A “kudos” section listed within the feedback can help improve staff morale and integrate friendly competition among staff members. For example, when I complete bathing audits, under the run chart, I include a list of nurses and nursing assistants who completed and documented a bath during the audit timeframe. This information is sent via email to staff so they’re recognized in front of their peers. Some units may even consider offering raffle prizes to staff with consistently high compliance. Be creative.

Who should provide feedback?

As noted previously, audit and feedback are most effective when it comes from a peer or supervisor. After I complete an audit, I request that the manager or other leadership member of the team communicate the findings to staff. Having a leadership member share feedback data shows that they support it. In addition, managers and leaders have the ability to hold staff accountable if they aren’t adhering to certain practices.

Data on the run

Run charts are a good way to aggregate audit data and share it at the unit or hospital level. The run chart below shows one unit’s improved hand hygiene compliance over 2 months.

How should feedback be provided?

Feedback data should be provided verbally and in writing. Aggregated data can be shared via e-mail, flyers placed on the unit, online dashboards, bulletin boards, and during huddles, rounding, and staff meetings. Communicating data verbally and in writing can help ensure staff receive the information. One emergency department communicated their hand hygiene compliance score on a poster designed to look like a restaurant letter grading form. Again, be creative in how you share audit information to staff.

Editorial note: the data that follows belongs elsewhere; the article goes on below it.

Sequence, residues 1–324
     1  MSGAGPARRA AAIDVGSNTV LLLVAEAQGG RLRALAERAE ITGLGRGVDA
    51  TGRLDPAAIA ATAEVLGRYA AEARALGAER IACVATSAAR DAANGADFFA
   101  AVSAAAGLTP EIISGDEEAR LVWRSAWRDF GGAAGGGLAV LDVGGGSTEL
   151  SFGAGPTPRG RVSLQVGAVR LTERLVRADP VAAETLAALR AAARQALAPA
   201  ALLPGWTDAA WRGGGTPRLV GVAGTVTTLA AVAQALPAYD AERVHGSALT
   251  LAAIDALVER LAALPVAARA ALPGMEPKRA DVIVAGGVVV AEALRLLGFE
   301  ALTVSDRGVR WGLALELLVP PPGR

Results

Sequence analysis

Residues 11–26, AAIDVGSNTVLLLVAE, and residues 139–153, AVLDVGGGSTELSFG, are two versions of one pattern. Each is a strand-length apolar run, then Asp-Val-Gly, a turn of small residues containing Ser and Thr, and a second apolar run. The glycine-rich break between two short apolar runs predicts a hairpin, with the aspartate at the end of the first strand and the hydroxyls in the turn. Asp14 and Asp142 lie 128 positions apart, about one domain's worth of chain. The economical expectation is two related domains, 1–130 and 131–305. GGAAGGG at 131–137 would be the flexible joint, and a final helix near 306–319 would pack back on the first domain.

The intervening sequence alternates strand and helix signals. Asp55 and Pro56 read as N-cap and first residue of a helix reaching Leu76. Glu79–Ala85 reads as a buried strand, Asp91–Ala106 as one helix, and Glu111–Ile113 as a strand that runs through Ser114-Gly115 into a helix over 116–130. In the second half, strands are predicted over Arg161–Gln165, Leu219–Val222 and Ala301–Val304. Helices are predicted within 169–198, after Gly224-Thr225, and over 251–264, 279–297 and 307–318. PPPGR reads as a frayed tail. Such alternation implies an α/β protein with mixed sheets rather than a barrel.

How often should feedback be provided?

Audit feedback should be provided more than just once. Audits of a new practice (for example, if the unit or hospital just implemented chlorhexidine gluconate bathing) should be completed frequently (from once a week to several times a week). After compliance is at or near the targeted goal, audit and feedback can be done less frequently (once a month to several times a month). When the practice has been established and compliance has been at or near target for 6 to 12 months, audit and feedback can be done less frequently (once to several times a quarter).

Improving personal practice

Using audit and feedback can be an effective way to improve and sustain compliance with evidence-based practices. But simply completing audits isn’t enough. To be most effective, data should be shared with the end users so they know how to improve their personal practice.

Staci Reynolds is an assistant professor at Duke University School of Nursing in Durham, North Carolina.

References

Chan WV, Pearson TA, Bennett GC, et al. ACC/AHA special report: Clinical practice guideline implementation strategies: A summary of systematic reviews by the NHLBI implementation science work group. Circulation. 2017;135(9):e122-37.

Colquhoun HL, Carroll K, Eva KW. Advancing the literature of designing audit and feedback interventions: Identifying theory-informed hypotheses. Implement Sci. 2017;12(117). doi.org/10.1186/s13012-017-0646-0

Gould DJ, Moralejo D, Drey N, Chudleigh JH, Taljaard M. Interventions to improve hand hygiene compliance in patient care. Cochrane Database Syst Reviews. 2017;9(9):CD005186.

Institute for Healthcare Improvement. Evidence-based care bundles. ihi.org/Topics/Bundles/Pages/default.aspx

Ivers N, Jamtvedt G, Flottorp S, et al. Audit and feedback: Effects on professional practice and healthcare outcomes. Cochrane Database Syst Reviews. 2012;6(6):CD000259.

Wuchner SS. Integrative review of implementation strategies for translation of research-based evidence by nurses. Clin Nurse Spec. 2014;28(4):214-23.